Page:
On nomination day on 28 February 1955 the PAP put up candidates for five seats for the elections to be held on 2nd April. It thus deliberately limited itself to playing an opposition rule in the soon-to-be elected legislative assembly. Lim Chin Siong stood in the Bukit Timah constituency, the left-wing trade unionist Devan Nair in Farrer Park, a 60-year-old contractor Goh Chew Chua in Punggol-Tampines, and Lee himself in Tanjong Pagar. Ahmad Ibrahim, a Malay, contested the constituency of Sembawang as an independent, as Malay and Indian naval dockworkers had the decisive vote here and they might have been put off by the PAP’s radical reputation. Fong Swee Suan, and a couple of other mooted candidates, did not meet the qualification requirements to stand.
Singapore’s Chief Secretary William Good later recalled touring the constituency of Bukit Timah, where Lim Chin Siong was standing as the PAP candidate. There was a bad atmosphere there, “a very tense, strained underlying hatred. I was unhappy. Hard-faced young Chinese who didn’t seem to have any sense of humour.” It was obvious that the MCP was running the show. The Special Branch had “no doubt whatsoever that the Malayan Communist Party had decided to support the People’s Action Party in those elections… but whether Chin Siong, Kuan Yew or Ibrahim were members of the Party, we didn’t know.”
According to a later government report, based upon Special Branch intelligence, "the full power of the underground Communist organisation in Singapore” was used to mobilise support for the PAP in the April 1955 election, “and to rally all who were sympathetic or potential converts. Selected persons were manoeuvred into key positions, and the P.A.P. was firmly linked with the trade unions in which the Communists were establishing themselves. Communist sympathisers previously engaged in secret Communist plotting were instructed to sever all connection with the underground organisation, to destroy all incriminating secret documents, and to concentrate on overt and perfectly legitimate political work.”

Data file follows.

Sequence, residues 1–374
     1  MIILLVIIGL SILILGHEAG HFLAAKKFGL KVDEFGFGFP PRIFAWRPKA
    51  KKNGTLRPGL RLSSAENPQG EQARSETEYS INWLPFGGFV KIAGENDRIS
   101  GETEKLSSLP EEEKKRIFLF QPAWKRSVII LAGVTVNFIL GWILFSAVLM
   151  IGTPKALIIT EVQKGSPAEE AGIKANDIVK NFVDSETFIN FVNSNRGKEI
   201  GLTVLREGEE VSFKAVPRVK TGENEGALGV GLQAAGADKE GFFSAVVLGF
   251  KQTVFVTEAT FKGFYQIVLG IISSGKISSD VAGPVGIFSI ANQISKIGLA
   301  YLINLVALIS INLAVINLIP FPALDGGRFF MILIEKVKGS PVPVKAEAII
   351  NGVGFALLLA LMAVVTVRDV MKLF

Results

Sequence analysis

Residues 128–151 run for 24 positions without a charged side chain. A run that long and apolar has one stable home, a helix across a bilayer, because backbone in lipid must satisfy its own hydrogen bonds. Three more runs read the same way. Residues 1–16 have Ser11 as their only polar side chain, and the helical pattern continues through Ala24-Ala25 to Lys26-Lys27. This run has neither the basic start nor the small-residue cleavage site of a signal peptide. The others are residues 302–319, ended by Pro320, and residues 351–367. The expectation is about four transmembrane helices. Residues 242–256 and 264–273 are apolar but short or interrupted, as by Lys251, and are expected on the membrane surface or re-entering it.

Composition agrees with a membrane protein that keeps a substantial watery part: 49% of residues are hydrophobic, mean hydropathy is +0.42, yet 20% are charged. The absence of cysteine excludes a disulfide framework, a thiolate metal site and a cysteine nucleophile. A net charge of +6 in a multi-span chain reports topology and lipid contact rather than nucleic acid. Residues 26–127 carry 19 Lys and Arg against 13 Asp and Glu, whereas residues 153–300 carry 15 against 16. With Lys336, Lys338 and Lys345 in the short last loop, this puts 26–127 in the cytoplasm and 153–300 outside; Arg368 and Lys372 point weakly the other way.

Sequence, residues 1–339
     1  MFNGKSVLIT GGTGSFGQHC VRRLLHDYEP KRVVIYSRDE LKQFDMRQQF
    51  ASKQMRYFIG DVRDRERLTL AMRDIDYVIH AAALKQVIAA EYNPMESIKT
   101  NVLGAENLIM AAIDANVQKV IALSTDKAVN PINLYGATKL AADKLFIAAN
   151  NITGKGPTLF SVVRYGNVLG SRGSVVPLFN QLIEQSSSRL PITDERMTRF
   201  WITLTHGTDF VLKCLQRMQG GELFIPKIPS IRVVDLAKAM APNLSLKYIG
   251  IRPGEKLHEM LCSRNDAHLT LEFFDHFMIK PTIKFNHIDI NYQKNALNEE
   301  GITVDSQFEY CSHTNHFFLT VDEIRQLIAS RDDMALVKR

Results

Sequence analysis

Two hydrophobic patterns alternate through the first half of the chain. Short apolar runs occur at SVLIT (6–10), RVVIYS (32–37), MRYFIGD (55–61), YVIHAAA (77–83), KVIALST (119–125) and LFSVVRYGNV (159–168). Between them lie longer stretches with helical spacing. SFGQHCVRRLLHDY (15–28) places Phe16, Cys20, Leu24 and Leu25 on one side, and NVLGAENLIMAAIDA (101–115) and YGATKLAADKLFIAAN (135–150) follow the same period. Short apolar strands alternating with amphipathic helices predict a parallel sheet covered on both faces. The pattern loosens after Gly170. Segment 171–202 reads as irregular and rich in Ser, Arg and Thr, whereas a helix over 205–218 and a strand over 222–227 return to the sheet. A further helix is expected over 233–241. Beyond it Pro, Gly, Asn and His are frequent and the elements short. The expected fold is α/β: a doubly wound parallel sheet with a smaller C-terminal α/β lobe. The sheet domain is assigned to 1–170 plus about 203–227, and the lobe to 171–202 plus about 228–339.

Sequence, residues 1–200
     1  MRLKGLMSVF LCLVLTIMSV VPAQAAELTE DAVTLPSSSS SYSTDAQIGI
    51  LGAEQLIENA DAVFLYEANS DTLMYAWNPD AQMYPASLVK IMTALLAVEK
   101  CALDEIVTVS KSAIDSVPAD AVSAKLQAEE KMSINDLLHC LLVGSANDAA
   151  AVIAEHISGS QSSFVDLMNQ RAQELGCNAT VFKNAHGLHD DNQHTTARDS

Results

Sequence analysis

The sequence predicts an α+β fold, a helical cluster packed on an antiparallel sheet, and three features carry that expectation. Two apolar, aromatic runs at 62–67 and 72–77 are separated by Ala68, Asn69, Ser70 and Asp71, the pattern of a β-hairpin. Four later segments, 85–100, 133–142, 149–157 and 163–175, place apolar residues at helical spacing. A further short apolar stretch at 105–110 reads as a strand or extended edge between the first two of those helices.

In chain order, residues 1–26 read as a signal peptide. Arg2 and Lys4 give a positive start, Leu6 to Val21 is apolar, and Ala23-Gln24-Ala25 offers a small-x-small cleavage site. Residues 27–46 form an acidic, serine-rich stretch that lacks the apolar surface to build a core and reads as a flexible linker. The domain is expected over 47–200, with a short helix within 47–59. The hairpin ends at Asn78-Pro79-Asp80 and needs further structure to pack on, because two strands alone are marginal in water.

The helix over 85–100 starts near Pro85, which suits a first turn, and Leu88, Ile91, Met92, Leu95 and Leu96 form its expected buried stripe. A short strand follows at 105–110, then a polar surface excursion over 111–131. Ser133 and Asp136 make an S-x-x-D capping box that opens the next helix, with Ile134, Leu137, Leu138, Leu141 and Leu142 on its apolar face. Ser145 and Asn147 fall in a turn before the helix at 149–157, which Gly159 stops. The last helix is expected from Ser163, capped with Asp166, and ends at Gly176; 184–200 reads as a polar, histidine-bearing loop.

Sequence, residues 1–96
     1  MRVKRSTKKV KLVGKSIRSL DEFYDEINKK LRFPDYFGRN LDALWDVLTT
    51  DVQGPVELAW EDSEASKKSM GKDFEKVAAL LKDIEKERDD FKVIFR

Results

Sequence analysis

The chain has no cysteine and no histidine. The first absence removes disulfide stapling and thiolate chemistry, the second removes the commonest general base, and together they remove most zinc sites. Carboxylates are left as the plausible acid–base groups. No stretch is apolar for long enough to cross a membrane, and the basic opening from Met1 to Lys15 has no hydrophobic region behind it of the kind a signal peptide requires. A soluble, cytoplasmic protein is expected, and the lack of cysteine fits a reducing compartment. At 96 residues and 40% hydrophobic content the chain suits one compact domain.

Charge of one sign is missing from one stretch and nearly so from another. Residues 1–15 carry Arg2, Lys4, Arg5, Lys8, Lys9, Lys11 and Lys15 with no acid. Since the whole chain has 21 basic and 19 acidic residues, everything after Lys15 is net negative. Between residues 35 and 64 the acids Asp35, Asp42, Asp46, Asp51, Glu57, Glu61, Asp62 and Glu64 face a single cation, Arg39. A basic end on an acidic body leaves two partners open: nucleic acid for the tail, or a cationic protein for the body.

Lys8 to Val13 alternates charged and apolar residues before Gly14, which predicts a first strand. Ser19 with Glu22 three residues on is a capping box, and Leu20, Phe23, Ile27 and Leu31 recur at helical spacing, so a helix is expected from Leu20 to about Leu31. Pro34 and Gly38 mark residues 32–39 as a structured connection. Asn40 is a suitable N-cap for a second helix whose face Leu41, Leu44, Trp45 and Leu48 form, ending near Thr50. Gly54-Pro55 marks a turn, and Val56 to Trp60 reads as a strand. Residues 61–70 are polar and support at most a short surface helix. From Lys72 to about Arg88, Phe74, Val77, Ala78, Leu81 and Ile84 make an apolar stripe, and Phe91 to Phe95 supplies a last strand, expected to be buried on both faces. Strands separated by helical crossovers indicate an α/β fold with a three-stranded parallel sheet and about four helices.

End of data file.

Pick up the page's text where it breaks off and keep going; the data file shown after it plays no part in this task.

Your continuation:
The main target of the PAP were Singapore’s “white overlords” with “the colonial rule of the British over Malaya” described by Lee in his electoral manifesto as “the basic cause of a great number of social and economic evils of this country.” For the Chinese-speaking population the protection of Chinese-culture and the Chinese-language schools was a huge political issue, and one that the communists played on assiduously. A major problem for Lee during the campaign was an inability to speak Mandarin or any of the Chinese-dialects. He partly offset this disability by sending his children to Chinese-language schools and set about trying to learn Mandarin. By contrast, Lim Chin Siong was a highly effective public speaker in Hokkien, the main Chinese dialect spoken in the city.